Numerous rhoptry proteins were detected (n = 42), the majority in both ESA and TE (n = 25), one solely in ESA, and 16 proteins only in TE. Many of these proteins, including abundant ones, such as ROP15B, ROP26 and toxofilin, have been previously detected only in genome or transcriptome N. caninum studies . The BPK1 and ROP15 genes had their expression levels reduced in a temperature-sensitive N. caninum mutant (relatively avirulent), suggesting their roles in parasite virulence . RON2, RON4, RON5, and RON8 are rhoptry neck proteins that comprise the moving junction complex AMA1-RON2/4/5/8 in T. gondii. In a N. caninum lysate, RON2 and RON5 reacted with T. gondii antiserum, and coimmunoprecipitation indicated them as part of the N. caninum moving junction complex, together with RON4 and RON8 . Some proteins were predicted to be rhoptry kinases, as the paralogs ROP19 and ROP47, and some may act as proteases, like TLN1 and SUB2, which were characterised in T. gondii[66, 67].
Although less abundant than microneme or rhoptry proteins, some interesting dense granule proteins were found; eight were identified by both approaches, one only in ESA, and eight solely in TE. The most abundant dense granule proteins in ESA were GRA9, serpin (NCLIV_063150), NTPaseII, and GRA2. Two members of the serpin family (serine protease inhibitors) were identified; protease inhibitor 2 (PI-2) demonstrated to have activity against trypsin in T. gondii, and serpin NCLIV_063150, most likely a new member of the serpin family, as it is closer to an undescribed putative serpin of T. gondii (TGME49_246130). TgPI-1 is secreted from dense granules into the parasitophorous vacuole (PV) and inhibits trypsin, chymotrypsin, and neutrophil elastase inhibitor, suggesting a possible protection role for the parasite . The presence of these serine proteases might be important for the ability of the parasite to survive within its host .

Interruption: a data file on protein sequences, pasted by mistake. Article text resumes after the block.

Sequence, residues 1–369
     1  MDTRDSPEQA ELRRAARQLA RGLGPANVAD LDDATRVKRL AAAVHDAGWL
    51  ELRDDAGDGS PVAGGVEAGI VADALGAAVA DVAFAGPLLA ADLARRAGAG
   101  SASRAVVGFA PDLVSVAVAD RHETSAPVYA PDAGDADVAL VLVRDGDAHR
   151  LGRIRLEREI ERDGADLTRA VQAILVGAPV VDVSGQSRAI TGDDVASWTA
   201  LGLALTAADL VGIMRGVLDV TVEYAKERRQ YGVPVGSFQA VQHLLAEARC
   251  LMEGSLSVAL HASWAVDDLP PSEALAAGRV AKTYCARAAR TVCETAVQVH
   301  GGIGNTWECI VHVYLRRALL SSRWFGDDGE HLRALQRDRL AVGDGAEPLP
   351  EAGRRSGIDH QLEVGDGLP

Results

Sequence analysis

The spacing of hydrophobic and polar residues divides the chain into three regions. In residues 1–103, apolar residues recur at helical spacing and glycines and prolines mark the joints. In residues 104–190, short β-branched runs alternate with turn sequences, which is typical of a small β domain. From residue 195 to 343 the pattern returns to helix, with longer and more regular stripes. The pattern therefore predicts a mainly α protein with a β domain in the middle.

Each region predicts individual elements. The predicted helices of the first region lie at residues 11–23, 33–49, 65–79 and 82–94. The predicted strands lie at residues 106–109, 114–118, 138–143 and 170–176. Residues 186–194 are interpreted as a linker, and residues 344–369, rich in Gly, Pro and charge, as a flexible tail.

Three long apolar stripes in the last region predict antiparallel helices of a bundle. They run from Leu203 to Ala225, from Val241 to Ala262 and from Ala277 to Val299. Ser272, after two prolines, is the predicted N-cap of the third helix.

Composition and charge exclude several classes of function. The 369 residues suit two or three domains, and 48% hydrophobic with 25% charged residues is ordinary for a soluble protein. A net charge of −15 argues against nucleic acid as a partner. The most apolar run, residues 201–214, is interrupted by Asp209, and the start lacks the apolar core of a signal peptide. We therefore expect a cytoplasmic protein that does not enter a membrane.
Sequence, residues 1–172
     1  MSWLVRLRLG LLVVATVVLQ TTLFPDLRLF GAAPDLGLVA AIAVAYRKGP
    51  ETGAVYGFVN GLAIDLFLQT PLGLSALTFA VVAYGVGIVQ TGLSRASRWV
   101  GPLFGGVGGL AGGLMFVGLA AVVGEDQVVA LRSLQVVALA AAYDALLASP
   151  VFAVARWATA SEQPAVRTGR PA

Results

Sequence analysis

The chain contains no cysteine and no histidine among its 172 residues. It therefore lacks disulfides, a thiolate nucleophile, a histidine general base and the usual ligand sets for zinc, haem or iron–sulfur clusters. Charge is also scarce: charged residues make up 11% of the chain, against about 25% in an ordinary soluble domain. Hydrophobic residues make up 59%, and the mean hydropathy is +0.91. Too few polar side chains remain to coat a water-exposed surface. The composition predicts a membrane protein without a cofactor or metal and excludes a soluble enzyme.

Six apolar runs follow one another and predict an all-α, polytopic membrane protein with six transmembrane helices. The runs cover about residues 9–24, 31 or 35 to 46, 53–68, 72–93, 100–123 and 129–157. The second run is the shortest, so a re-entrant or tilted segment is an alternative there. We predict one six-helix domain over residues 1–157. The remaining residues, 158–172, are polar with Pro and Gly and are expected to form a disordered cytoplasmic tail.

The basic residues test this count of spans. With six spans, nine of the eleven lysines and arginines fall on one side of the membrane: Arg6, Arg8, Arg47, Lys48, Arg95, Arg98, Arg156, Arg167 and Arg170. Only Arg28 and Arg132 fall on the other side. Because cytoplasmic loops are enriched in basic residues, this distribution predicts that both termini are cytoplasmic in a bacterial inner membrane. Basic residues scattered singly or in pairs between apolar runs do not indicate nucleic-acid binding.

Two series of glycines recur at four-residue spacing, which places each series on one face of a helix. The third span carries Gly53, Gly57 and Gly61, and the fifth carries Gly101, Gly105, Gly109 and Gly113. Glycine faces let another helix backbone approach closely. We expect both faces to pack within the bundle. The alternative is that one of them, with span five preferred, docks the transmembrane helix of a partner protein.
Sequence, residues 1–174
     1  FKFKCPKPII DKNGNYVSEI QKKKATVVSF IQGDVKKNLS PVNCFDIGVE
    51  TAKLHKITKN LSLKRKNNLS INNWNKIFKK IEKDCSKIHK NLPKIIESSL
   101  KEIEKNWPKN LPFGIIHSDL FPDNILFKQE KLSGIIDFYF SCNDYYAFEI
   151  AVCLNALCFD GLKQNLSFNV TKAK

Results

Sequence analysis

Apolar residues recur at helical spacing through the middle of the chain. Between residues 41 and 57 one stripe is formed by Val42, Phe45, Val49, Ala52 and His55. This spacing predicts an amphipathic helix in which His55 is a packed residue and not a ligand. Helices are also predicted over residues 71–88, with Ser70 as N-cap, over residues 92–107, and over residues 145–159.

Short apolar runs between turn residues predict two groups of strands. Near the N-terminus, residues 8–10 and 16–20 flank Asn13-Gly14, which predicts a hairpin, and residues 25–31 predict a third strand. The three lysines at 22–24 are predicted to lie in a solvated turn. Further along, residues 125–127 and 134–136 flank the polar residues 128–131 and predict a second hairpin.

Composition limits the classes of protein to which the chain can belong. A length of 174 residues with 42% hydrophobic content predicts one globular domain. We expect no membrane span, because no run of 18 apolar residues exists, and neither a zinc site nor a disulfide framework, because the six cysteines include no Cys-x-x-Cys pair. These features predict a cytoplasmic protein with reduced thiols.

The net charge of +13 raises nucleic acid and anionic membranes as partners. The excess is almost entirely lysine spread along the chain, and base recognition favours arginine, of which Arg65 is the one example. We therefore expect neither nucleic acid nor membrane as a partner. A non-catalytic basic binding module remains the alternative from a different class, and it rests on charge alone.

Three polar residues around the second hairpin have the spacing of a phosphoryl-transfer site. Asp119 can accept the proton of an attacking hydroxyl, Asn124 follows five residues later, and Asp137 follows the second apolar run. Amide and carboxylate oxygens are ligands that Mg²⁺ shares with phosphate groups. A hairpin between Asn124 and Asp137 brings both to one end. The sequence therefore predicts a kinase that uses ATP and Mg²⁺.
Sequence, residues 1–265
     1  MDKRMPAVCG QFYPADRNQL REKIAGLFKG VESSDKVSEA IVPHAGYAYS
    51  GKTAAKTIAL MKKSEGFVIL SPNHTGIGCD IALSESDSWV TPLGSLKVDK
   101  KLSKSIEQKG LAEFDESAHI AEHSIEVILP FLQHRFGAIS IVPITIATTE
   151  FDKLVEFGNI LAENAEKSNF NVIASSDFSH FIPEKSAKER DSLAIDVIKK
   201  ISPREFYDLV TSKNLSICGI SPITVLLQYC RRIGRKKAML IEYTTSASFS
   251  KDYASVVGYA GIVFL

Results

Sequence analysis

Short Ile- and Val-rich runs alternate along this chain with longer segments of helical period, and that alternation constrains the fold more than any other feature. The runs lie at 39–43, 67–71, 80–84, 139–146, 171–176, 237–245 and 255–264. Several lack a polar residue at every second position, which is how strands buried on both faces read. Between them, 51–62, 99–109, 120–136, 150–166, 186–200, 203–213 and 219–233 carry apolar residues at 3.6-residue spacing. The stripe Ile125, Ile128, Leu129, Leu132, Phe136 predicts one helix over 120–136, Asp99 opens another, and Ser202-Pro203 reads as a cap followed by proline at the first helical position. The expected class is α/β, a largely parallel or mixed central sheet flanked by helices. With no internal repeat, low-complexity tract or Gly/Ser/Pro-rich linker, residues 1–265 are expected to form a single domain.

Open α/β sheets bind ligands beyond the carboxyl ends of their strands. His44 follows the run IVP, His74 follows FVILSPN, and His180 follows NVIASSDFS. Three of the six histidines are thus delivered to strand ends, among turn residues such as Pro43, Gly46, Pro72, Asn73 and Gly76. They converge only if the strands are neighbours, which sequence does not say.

Twelve surface proteins were identified in ESA and, although 11 were also quantified, none belonged to the down-regulated group. Six other putative surface proteins were detected only in TE. SRS2, a potential vaccine candidate for neosporosis [70, 71], was highly abundant in the N. caninum ESA, as well as SAG1 and SAG3, which are vaccine targets against toxoplasmosis [72–74]. Three proteins (NCLIV_010720, NCLIV_010730 and NCLIV_068920) compose a group of four SRS protein paralogs in N. caninum. Another group of SRS protein homologues, including NCLIV_068872 and NCLIV_052740, contains 15 paralogs that do not exist in T. gondii.
Proteins putatively involved in secretion signalling pathways
Proteins putatively involved in the secretion process were also investigated in the present work. Plasmodium falciparum and T. gondii studies indicate that, upon contact with the host cell, the second messengers inositol triphosphate (IP3) and cyclic ADP ribose (cADPR) are generated and bind to calcium channels putatively localised in the ER, releasing the stored Ca2+[9, 75]. Ca2+ mobilisation signals, such as the activation of CDPKs (calcium dependent protein kinases) and the activation of kinases by cAMP and cGMP, regulate the exocytosis of invasion organelles and the activation of the invasion motor [9, 62, 75]. Three metabolic pathways sensitive to Ca2+ increase are, according to the Library of Apicomplexan Metabolic Pathways (LAMP) , the inositol phosphate, purine, and pyrimidine. The proteins from these pathways are highlighted in Additional file 6: Figure S1 and Additional file 7: Figure S2 according to their quantification in this work (Additional file 8: Table AF8, sheets A, B and C). Thirteen proteins were related to the inositol phosphate metabolism, where phosphoinositide 5-phosphate (NCLIV_000140) presented down regulation, which facilitates the accumulation of the IP3 precursors (Additional file 6: Figure S1). Five homologues of the enzyme phosphatidylinositol-4-phosphate-5-kinase, which favours the synthesis of the IP3 precursors, were identified. For the purine metabolism 25 proteins were identified. It is notorious that the synthesis of inosine monophosphate (IMP) is favoured, since adenosine kinase, which consumes adenosine, was down-regulated, while AMP deaminase (AMP → IMP) was up-regulated. The accumulated IMP may result in an increase of GDP (precursor of cGMP), since the enzymes GMP synthase and guanylate kinase were up-regulated (Additional file 7: Figure S2).